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Website & Technology

Analyzing Software Features

Author: Tatiana Morand
June 3, 2011
🕑 2 min read

Here’s what NOT to do:
Do NOT send your list of requirements to vendors and ask them to fill it out.

It’s a useless exercise for two reasons:

  1. High-level requirements are hard to interpret. YOU know what kind of online event registrations you need. The vendor knows what is possible in their software and will assume that’s what you meant. Old but true cartoon (source unknown – click to enlarge):

  2. Salespeople are eager to please and will always tend to cheerfully mark “Yes” for all requirements… even if they have no idea what you meant.

What SHOULD you do? Pick several (3 is a good number) scenarios for your typical data-processing tasks. Pick some of the most common ones – and define the process end to end. Here are some examples:

  • Add new event, customizing the registration form along the lines of your own typical events;
  • Have a member register and pay online for this new event;
  • Have a registration confirmation sent to the registrant;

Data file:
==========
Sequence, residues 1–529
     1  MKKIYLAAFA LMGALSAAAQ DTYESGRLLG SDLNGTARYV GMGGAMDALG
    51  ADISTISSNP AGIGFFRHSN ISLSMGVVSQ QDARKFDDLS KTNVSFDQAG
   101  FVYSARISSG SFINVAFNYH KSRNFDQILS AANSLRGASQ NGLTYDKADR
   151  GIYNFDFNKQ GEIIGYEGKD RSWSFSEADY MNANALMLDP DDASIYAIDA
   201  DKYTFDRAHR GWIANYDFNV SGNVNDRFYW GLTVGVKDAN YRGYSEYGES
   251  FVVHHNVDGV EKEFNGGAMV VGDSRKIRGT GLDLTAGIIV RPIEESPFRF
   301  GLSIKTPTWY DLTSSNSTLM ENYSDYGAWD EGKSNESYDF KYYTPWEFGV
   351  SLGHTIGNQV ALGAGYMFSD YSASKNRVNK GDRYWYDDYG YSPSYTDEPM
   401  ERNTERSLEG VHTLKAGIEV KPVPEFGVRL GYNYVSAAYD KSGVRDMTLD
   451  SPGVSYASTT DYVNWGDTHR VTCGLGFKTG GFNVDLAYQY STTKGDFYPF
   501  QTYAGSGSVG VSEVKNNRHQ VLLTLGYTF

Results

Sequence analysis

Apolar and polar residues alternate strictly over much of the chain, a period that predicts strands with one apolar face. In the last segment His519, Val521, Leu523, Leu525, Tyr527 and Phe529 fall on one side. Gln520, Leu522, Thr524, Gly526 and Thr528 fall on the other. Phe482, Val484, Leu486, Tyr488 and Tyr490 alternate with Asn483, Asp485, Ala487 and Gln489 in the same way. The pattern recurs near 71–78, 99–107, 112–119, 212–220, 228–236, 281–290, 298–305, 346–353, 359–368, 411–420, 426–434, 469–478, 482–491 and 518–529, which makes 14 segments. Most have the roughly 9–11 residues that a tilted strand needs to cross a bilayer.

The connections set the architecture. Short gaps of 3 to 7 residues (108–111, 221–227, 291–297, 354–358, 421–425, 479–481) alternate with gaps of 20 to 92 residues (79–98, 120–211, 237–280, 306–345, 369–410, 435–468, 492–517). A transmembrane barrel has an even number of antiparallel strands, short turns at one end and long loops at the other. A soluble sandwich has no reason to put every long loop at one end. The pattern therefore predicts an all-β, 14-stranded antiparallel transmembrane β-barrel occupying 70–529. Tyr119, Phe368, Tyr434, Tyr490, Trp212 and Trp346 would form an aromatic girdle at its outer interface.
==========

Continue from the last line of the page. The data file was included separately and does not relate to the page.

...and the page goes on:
• Review a report on event registrations;
  • Send an email to event registrants to remind about the upcoming event they have registered for.

Now, have 2-3 volunteers go through these scenarios for each of the software packages on your shortlist, to evaluate how complete the software is and how easy the tasks are to accomplish.

As mentioned earlier, demand full access to a trial account from the software vendor and do your homework as described above. If salespeople breezily assure you that “we will easily customize it to work for you,” ask them to show you the proof – or count on it not being easy.

And one more note about those customizations: Whenever possible, try to avoid them. True, they can make your life easier in the short term. But very likely they will make future upgrades much more of a pain and expense.

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